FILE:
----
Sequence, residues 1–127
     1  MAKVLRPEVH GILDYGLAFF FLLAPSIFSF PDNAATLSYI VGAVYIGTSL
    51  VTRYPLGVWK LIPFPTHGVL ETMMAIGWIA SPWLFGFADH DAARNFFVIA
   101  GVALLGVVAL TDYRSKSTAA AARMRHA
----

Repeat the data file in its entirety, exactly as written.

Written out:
Sequence, residues 1–127
     1  MAKVLRPEVH GILDYGLAFF FLLAPSIFSF PDNAATLSYI VGAVYIGTSL
    51  VTRYPLGVWK LIPFPTHGVL ETMMAIGWIA SPWLFGFADH DAARNFFVIA
   101  GVALLGVVAL TDYRSKSTAA AARMRHA